E349 9/15/2010 1. Benefits and Pitfalls of Pre-nup Agreements by Angela Barker, Esq. RECENT CASES: 2. Protective Sweep of Area by Police Sometimes Permitted on Private Property. 3. A Review


E349 9/15/2010

1. Benefits and Pitfalls of Pre-nup Agreements by Angela Barker, Esq.


2. Protective Sweep of Area by Police Sometimes Permitted on Private Property.

3. A Review of Your Estate Plan is Essential After Divorce

By Angela Barker, Esq.

4. End Of The Running & Exercise Streak

5. Next Events

1. Benefits and Pitfalls of Pre-nup Agreements

By Angela Barker, Esq.

In New York and New Jersey prenuptial agreements (agreements entered into by couples prior to marriage) are valid and enforceable agreements. A prenuptial ("prenup") agreement, once it is prepared and executed in the proper manner, and it reflects the intention of the parties, is very often viewed as any other contract is viewed and in the absence of any evidence of undue influence or very exceptional circumstances it would be the terms of the prenup that governs the division of assets and other financial issues upon divorce.

Very often a person (very often the one with the least assets) will telephone my office and state "We need a prenup. Can my fiancée and I come to your office and you draft it for us?" Other times they would say, "I got your number I just want you to look at my prenup because my fiancée’s lawyer told me I had to have a lawyer but don't make a big deal of it. I am sure its fine, I just want to sign it." Usually, the prenup is not "fine." It is often extremely one-sided and would have you give away a lot of rights that are afforded to you under the family law statutes of your state. In addition, the same attorney should never represent both parties to a prenup agreement. Each side must have their own counsel to ensure that negotiations are fair and both parties' interests are protected.

In every pre-nup negotiation there must be full financial disclosure. In addition, you must pick an attorney of your own choosing. Most importantly, you must listen to your attorney and if he/she tells you the document is one-sided try to negotiate a better agreement. You will not be released from your rights and obligations if you knowingly sign a one-sided prenup. ??It is important that you understand the terms of a prenup and that you fully comprehend the impact of those terms in the event, however unlikely, of a divorce. For example, waiving alimony or maintenance may mean that after years of being a stay-at-home parent, or the one reducing your career opportunities for the sake of your family, you may not have sufficient resources to get back on your feet post-divorce.

For more information, go to www.angelabarkerlaw.com

2. Recent cases:

Protective sweep of area by police sometimes permitted on private property

State v. Davila _____ NJ _____ (2010) (A-20-09) 7/14/10

A protective sweep conducted on private property is not per se invalid merely because it does not occur incident to an arrest. Law enforcement officers may conduct a protective sweep only when (1) the officers are lawfully within private premises for a legitimate purpose, which may include consent to enter; and (2) the officers on the scene have a reasonable articulable suspicion that the area to be swept harbors an individual posing a danger. The sweep will be upheld only if it is (1) conducted quickly, and (2) restricted to areas where the person posing a danger could hide. When an arrest is not the basis for entry, the police must be able to point to dangerous circumstances that developed once the officers were at the scene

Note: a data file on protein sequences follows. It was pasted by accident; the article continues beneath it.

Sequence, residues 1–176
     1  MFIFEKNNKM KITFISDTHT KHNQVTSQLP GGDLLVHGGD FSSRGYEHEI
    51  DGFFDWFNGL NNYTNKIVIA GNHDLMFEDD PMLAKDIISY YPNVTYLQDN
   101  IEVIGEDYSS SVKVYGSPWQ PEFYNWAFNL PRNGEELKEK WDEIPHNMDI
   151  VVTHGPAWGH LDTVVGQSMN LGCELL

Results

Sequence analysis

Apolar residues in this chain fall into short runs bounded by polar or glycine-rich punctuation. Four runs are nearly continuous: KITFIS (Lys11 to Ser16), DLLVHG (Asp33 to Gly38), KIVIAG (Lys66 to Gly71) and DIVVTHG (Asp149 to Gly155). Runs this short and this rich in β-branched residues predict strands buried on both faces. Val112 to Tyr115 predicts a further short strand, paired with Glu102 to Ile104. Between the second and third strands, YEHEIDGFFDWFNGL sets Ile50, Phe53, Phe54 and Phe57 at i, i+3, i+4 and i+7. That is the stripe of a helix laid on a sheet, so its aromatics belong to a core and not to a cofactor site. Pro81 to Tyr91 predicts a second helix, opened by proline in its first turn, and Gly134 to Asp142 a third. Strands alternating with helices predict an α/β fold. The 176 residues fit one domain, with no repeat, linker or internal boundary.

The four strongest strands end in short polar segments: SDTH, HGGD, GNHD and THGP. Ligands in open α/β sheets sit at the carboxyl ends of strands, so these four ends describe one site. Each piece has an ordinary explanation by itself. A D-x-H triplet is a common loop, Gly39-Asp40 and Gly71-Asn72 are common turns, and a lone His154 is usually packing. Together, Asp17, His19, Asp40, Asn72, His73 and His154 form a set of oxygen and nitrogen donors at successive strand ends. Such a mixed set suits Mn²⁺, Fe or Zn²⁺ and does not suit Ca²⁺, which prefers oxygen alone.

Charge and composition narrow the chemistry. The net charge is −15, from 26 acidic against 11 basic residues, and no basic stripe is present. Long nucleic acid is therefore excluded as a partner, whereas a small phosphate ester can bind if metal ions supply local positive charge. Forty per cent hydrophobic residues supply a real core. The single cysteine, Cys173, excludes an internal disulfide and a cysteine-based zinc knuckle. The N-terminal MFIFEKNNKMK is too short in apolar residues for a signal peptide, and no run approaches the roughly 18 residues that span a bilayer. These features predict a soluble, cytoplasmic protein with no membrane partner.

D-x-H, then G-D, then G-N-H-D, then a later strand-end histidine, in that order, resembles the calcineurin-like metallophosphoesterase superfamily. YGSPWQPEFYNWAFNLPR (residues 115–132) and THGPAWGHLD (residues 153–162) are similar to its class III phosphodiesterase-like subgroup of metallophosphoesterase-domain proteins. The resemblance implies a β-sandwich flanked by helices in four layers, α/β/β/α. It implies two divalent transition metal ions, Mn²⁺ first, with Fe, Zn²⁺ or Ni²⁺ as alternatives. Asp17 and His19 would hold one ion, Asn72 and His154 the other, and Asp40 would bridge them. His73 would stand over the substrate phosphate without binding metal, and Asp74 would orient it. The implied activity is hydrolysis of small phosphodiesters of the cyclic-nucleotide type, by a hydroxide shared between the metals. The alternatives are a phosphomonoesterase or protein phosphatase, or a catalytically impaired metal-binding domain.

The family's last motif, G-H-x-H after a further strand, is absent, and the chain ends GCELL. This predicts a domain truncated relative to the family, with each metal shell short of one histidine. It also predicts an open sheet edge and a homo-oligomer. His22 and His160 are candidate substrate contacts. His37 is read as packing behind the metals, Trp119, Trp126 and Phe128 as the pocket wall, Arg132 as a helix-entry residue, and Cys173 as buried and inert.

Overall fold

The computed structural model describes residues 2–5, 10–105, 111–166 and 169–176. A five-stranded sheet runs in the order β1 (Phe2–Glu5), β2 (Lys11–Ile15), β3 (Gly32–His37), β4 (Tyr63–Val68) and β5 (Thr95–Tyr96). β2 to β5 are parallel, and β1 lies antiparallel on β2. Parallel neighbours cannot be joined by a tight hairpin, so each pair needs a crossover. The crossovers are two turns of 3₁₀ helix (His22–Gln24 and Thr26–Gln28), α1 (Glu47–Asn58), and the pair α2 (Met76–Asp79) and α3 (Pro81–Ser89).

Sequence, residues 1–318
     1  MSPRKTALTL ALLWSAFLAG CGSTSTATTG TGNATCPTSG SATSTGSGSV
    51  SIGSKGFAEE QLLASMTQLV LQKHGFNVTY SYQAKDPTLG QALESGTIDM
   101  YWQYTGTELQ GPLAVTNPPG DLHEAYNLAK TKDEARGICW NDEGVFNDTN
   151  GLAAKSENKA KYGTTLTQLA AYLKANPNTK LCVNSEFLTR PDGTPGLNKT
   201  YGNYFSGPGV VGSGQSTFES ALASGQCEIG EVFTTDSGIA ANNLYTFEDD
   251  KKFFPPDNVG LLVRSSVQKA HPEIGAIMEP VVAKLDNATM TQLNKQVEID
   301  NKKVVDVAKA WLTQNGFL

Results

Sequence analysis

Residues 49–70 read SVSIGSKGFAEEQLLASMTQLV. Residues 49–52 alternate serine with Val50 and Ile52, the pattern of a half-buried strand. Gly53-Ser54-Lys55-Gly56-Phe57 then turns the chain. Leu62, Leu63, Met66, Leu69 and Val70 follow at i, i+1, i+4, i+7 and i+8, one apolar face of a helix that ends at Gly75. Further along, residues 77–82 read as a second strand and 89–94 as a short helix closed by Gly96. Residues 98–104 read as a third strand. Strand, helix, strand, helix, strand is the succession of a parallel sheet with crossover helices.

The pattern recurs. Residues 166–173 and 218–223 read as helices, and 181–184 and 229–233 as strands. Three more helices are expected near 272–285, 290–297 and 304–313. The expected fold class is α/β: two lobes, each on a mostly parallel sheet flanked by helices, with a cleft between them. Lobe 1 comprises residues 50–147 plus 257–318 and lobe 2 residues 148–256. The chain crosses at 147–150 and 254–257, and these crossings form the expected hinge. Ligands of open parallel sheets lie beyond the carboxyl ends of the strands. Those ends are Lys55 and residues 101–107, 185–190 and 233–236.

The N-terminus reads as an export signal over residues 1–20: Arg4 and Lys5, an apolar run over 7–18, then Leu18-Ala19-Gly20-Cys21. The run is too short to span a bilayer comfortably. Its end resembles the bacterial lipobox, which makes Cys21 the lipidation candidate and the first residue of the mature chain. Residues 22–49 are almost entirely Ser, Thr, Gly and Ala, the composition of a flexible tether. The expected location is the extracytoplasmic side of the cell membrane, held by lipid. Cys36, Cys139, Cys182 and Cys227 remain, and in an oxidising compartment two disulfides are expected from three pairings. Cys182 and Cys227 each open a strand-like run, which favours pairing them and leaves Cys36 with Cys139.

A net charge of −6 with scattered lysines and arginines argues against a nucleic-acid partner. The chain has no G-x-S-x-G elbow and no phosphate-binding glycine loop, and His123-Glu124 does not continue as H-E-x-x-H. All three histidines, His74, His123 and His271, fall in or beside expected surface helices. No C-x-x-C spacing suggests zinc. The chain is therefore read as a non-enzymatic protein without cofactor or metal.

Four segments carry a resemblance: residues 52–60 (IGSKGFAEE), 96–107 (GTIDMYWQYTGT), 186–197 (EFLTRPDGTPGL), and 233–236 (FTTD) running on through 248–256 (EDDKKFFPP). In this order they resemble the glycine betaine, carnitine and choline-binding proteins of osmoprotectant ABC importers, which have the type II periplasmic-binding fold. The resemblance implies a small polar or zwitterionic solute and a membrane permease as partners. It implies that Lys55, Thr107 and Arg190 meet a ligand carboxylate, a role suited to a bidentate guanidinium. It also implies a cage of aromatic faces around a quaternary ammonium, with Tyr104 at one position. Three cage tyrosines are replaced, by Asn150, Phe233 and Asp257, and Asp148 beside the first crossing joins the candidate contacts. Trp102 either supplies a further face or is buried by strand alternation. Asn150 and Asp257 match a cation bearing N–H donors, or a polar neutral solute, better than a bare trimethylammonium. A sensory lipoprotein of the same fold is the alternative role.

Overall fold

3. A Review of Your Estate Plan is Essential After Divorce

By Angela Barker, Esq.

The recent news report regarding deceased actor Gary Coleman is illustrative of the fact that you should review your estate plan after divorce. As I have repeatedly stated, an estate plan is not something you do once, then hide it away in a drawer. Rather it should be reviewed at least every three years and after major life changing events such as births, deaths and divorce.

In Mr. Coleman's case it was learned that he and wife Shannon Price were divorced in August 2008. However, the parties still lived together. It appears that Mr. Coleman granted Ms. Price authority to make medical decisions on his behalf. It was not clear whether that grant of authority was given prior to the divorce or at the time Mr. Coleman was admitted to the hospital for the injury which caused his death. ??If it were the latter there is no cause for concern. The newspapers reported that Mr. Coleman was lucid and presumably able to give informed consent for the directive. However, if the consent was given prior to the divorce, it is not clear that, post-divorce, Mr. Coleman would have wanted his ex-wife to make any decisions, especially health care decisions on his behalf.??

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DISCLAIMER: Because of the generality of this update, the information provided herein may not be applicable in all situations and should not be acted upon without specific legal advice based on particular situations.

© Kenneth Vercammen, Esq., Kenneth Vercammen & Associates, PC | Attorney Advertising

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